Wild Is The Wind

FAR BE IT FROM ME to join in with the Moran bashing (and God knows this isn’t important) but as a massive Bowie fan I found this pretty incredible. All props for identifying and posting the original article go to the brilliant Bowiesongs, which you should definitely check out.

When Bowie made his surprise comeback earlier this year, Times journalist Caitlin Moran was perhaps the ‘high-profile’ personality most vocal in her jubilant excitement. She wrote about it a lot. An awful lot. A small selection:

You can find more here, which is how I found the links (lest anyone think I obsessively pored over this for days).

Now…check out this at Bowiesongs. Reproduced below:

It’s a piece written by Moran for Bowie’s 50th birthday in 1997. I know, I know, you’re thinking ‘oh well opinions change!’ But read it. It’s not the work of a big fan who thinks he’s going through a fallow period. It’s a demolition piece. She calls him ‘embarrassing’, incapable of ‘a good album’, compares him to ‘Michael Bolton’, complains that her generation didn’t have him in the ‘halfway decent years’. All of this, incidentally, about a period which is probably Bowie’s most interesting after the 70s. I got into Bowie with 1.Outside when I was 15. I found it thrilling and it led me on a journey which forever changed how I thought of pop music. I didn’t wish I’d been around in the 70s to hear Bowie at his ‘peak’ – he spoke to me compellingly enough with what he was doing in the present. It’s a sure sign of a Bowie pretender that they lazily dismiss his 90s work/’later period’…even more so if they only paid the slightest attention again when it was acceptable to do so (ie when he self-consciously became an ‘elder statesman’ and started recording albums which deliberately harked back to what these folk consider his glory days – the cover of ‘Hours…’ announces this period by depicting Bowie cradling his Earthling persona.) 

The bit I find most hilarious is when she complains of ‘music journalists (who), on spotting the name “David Bowie” on a new album, listen to it with rose-tinted ears’. Um:

That, folks, is what you call ‘a hack’.

The Narrative Behind Bowie’s The Next Day

For some reason I knew since seeing the video for The Stars (Are Out Tonight) that the album’s third promo would be for The Next Day and it would feature Bowie singing the song behind a microphone. It seems like the final destruction of the ‘Bowie is dying’ myth which they’ve been having so much fun with – albeit with an exit which will only invite further speculation.

Where Are We Now? – Bowie the mythic figure, dying in the shadows, more ethereal than corporeal.

TS(AOT) – The big reveal. Bowie is alive and well yet haunted, tormented even, by his past. stalked by his legend.

This – the normalisation. Bowie performs. He hams it up. The curtain is pulled back. The deity figure is snuffed out at the end.

‘Religion is corrupt’ is a rather tired trope these days but it does its job in fuelling the Bowie speculation market. The Decameron ‘title’ on the door at the beginning is a nice touch. From wiki:

Decameron combines two Greek words, Greek:δέκαdéka (“ten”) and Greekἡμέραhēméra (“day”), to form a term that means “ten-day [event]”

That obviously feeds into both the album title and Bowie’s 10-year absence – and the bell tolls ten times. Certainly there is some behind-the-scenes activity in the Bowie camp which suggests something more than just another single release is afoot in the near future.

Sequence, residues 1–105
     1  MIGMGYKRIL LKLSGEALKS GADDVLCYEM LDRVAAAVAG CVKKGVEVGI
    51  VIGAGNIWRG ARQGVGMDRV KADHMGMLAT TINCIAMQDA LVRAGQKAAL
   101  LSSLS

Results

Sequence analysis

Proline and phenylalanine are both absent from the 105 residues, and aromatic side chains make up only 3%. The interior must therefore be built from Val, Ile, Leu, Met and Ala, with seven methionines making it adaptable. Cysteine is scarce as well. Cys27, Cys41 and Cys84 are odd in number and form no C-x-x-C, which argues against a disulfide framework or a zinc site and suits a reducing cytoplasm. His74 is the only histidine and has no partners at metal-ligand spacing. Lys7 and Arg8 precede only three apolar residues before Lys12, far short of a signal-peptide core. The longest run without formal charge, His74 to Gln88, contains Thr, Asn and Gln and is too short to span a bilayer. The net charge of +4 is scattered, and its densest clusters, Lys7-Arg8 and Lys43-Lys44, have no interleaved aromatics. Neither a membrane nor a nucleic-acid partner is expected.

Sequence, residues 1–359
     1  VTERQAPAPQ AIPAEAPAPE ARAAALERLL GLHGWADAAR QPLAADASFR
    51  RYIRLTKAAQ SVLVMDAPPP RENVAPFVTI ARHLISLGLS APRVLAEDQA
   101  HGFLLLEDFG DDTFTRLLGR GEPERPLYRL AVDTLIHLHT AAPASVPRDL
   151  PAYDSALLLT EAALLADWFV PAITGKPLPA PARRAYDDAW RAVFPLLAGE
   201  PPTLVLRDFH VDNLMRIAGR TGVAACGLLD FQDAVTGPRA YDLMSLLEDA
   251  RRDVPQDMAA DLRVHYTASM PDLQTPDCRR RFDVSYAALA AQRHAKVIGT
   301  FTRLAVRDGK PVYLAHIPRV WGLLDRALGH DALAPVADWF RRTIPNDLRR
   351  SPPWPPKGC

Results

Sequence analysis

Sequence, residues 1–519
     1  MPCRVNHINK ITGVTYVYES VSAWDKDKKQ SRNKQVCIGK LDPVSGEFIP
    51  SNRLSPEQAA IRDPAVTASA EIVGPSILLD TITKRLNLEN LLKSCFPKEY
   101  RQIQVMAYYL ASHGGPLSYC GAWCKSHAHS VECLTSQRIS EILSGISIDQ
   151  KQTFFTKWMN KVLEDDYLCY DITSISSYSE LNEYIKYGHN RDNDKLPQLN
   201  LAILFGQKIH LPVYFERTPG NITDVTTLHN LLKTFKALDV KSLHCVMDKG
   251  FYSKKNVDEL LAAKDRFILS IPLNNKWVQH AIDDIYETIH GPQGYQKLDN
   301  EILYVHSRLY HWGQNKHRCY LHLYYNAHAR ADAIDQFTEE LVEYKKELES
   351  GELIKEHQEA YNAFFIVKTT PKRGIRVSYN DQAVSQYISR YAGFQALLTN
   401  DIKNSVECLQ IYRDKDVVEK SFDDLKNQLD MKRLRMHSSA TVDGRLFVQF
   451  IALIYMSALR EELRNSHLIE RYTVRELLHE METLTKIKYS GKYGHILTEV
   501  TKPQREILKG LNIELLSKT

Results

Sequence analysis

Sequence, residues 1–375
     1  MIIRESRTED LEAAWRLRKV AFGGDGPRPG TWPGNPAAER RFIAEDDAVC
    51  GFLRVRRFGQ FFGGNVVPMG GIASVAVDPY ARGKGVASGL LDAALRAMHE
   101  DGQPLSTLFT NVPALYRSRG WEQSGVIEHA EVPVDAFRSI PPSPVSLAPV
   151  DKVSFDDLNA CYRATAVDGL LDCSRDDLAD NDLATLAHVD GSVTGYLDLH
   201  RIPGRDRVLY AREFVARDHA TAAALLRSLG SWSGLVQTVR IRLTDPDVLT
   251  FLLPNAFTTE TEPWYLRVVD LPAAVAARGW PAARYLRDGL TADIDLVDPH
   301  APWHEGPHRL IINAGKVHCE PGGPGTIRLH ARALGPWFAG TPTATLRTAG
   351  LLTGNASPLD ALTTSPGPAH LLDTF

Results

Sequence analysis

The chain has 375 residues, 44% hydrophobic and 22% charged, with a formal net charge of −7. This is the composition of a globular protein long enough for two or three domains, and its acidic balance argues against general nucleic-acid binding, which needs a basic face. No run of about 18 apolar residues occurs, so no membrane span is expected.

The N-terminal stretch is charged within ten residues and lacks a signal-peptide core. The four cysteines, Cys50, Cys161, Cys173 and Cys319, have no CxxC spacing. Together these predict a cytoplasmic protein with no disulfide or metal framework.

The video is worthy for this alone:

However it squanders the best moment of the song and one of my favourite Bowie moments ever – the opening line of the second verse, “Ignoring the pain of their particular diseases”. It is ridiculously satisfying to sing along to. You really should try it.

16th July – And now we have the video for Valentine’s Day:

After the deity vanished at the end of The Next Day we have a Bowie who is very much the man who fell to earth. He’s dressed simply – ‘normally’, even – and it’s the first straightforward performance video of the era. Its subtleties rely not on Bowie’s legend but on clever touches which reference the song – the guitars which resemble guns, the flashes of the titular Valentine aggressively storming around while wielding a weapon and a brief flash of a bullet:

It comes in the week Bowie apparently promised ‘more music soon’ in an e-mail to some BowieNet users. He’s had his fun being meta-Bowie – now it’s back to business.

31st October:

A new – and presumably final – video from the re-release of The Next Day and more loaded symbolism. References to Bowie’s past abound, from the bathroom rituals of of Thursday’s Child:

to what are, presumably, red shoes put on in order to dance the blues:

The references to Ashes to Ashes/Scary Monsters and the Thin White Duke are obvious – what’s notable is that they are puppets and projections. As the era of The Next Day began with Bowie as a spectral presence, projected onto comically small figures, it comes full circle with the curtain being pulled back on some of his iconic creations. The background may change but Bowie the artist brings them to life as puppet master and voice and here, he alerts us that the Bowie of this era was another facade. The ‘real’ Bowie watches from the side and LOST in the shadows, obscured by his famous past and obsessively washing his hands, both attempting to ‘stay clean’ (the Thin White Duke being perhaps his most drug-associated creation) and cleanse his persona. This shot:

depicts the Thin White Duke cradling a blank-faced Pierrot and recalls the cover of Hours:

With that album cover Bowie was signalling the death of his ‘difficult’ early 90s modernism and a return to his past; here it almost seems like the victims of his eternal suicides are comforting one another. His past is littered with corpses. WHAT HAVE YOU DONE?! 

Yet they never truly die – the face just moves on to a new host. Bowie washes obsessively yet, like Lady Macbeth, he cannot remove the blood. The tap remains on at the end and Bowie has vanished: even with attempted erasure he can never be free of himself. Yet the water still flows – another corpse falls to the ground and he’s not done yet.